New Classes Of Engineered Fluorescent Protein To Store High-Density 3D Data
Virgile Adam of the Katholieke Universiteit Leuven in Belgium [and collbaorators] describe the ultimate in holographic (three-dimensional) data storage: a chemically pure crystal composed solely of proteins that can be read and reversibly switched between at least two different states using nothing but light.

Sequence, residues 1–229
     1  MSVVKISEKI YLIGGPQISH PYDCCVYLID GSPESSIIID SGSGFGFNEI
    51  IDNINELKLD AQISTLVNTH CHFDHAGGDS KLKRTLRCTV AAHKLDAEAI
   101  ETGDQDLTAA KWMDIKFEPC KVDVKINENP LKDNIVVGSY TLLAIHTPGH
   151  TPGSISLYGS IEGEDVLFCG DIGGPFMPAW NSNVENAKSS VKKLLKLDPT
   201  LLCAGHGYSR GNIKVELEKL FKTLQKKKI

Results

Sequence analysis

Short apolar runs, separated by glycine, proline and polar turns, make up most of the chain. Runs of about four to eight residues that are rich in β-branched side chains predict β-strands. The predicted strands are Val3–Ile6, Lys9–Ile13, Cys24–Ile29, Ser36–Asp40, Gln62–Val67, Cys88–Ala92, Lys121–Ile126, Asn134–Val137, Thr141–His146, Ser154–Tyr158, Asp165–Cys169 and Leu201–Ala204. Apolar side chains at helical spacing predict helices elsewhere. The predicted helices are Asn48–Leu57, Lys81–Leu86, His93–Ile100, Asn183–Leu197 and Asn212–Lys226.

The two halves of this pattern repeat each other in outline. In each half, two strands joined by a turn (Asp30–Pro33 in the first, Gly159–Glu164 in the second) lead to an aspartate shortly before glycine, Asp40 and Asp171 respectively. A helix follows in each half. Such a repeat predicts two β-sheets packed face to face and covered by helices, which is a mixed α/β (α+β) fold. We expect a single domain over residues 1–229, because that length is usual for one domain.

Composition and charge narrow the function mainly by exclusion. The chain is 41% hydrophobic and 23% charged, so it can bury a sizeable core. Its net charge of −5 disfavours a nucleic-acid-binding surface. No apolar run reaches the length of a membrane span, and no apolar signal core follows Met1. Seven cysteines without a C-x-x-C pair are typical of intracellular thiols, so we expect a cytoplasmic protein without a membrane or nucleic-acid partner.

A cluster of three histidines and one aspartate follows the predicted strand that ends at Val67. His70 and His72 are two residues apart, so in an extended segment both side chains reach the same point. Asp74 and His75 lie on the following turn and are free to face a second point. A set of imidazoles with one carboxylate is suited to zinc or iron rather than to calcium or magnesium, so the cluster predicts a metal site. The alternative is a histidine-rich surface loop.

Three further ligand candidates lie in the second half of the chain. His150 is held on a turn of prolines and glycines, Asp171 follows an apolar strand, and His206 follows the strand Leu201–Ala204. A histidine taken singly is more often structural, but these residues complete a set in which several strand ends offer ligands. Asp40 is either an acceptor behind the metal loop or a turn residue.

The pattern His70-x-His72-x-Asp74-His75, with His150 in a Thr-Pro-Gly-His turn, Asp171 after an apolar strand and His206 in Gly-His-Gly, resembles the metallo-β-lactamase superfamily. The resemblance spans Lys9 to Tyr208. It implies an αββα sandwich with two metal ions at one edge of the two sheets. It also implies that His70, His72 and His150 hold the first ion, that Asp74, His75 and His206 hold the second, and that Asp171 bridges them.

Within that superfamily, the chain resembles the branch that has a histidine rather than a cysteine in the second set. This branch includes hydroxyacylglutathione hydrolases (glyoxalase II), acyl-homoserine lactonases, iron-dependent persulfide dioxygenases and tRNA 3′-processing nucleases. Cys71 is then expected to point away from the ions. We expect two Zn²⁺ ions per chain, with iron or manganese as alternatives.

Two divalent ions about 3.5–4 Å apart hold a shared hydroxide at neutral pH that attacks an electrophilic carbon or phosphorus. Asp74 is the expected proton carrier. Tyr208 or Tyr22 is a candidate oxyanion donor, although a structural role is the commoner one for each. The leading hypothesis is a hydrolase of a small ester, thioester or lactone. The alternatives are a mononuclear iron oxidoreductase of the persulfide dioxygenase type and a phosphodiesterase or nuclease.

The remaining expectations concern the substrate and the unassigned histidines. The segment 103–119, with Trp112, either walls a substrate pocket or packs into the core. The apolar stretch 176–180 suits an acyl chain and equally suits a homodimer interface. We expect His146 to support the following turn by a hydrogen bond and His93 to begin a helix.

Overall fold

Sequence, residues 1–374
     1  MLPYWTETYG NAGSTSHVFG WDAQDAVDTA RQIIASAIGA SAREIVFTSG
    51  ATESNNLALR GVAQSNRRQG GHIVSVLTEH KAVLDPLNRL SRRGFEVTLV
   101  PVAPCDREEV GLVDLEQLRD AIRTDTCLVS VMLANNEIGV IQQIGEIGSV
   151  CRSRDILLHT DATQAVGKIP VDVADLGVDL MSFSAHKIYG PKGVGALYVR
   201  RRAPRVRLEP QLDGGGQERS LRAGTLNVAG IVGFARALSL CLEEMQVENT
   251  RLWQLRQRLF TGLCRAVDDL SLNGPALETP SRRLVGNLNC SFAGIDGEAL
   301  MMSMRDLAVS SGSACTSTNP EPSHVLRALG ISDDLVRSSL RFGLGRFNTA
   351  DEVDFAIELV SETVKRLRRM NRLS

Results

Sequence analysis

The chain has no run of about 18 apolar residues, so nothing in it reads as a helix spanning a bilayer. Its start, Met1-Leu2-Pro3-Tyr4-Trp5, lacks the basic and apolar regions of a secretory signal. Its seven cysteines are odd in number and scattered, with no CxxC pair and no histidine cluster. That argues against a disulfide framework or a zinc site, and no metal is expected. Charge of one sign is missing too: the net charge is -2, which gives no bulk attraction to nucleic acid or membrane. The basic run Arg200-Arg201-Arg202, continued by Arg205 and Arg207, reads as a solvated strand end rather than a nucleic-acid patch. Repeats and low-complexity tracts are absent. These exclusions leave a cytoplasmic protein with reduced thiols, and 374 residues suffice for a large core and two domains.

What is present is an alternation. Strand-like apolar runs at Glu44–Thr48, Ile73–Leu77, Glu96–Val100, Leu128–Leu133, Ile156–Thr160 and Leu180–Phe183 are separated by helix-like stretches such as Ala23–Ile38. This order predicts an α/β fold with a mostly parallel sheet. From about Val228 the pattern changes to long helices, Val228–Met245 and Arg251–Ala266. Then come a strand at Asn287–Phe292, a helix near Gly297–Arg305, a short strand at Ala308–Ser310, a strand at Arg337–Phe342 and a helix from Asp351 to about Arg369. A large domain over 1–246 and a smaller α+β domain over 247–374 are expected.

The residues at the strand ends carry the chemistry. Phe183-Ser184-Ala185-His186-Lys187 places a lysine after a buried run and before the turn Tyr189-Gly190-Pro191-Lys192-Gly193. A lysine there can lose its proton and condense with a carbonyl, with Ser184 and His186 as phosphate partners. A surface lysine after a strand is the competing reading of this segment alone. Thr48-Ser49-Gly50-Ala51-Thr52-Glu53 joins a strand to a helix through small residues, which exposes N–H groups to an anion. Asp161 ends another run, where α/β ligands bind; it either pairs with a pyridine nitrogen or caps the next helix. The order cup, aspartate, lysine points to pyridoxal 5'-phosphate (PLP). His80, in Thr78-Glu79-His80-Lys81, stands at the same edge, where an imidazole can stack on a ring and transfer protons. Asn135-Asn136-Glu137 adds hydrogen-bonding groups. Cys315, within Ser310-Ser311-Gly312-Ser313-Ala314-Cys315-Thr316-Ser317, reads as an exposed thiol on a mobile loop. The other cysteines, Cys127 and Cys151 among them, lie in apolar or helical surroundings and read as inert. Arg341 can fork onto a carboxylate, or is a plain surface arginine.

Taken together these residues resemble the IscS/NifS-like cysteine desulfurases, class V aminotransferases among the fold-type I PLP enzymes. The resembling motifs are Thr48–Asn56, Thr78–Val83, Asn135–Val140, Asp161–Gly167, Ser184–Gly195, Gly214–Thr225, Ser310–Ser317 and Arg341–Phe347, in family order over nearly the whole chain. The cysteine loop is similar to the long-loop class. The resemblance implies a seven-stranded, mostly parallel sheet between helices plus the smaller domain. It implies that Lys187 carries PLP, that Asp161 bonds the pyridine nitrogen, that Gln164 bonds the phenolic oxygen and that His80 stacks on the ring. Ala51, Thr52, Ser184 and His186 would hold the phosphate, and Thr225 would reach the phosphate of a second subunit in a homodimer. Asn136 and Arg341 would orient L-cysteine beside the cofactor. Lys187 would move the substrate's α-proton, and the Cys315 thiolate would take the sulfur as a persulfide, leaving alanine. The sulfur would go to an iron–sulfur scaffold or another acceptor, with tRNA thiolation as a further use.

Embedded within the proper array of lasers (it would take at least two), such a crystal would represent something approaching the theoretical limit of data density in a storage medium: each bit would be represented by a single molecule
… at least one of these proteins, known as IrisFP, actually has the ability to store data in four different states, versus the two different states (on and off) encoded by a traditional bit. In other words, this protein could store data in base 4 instead of base 2.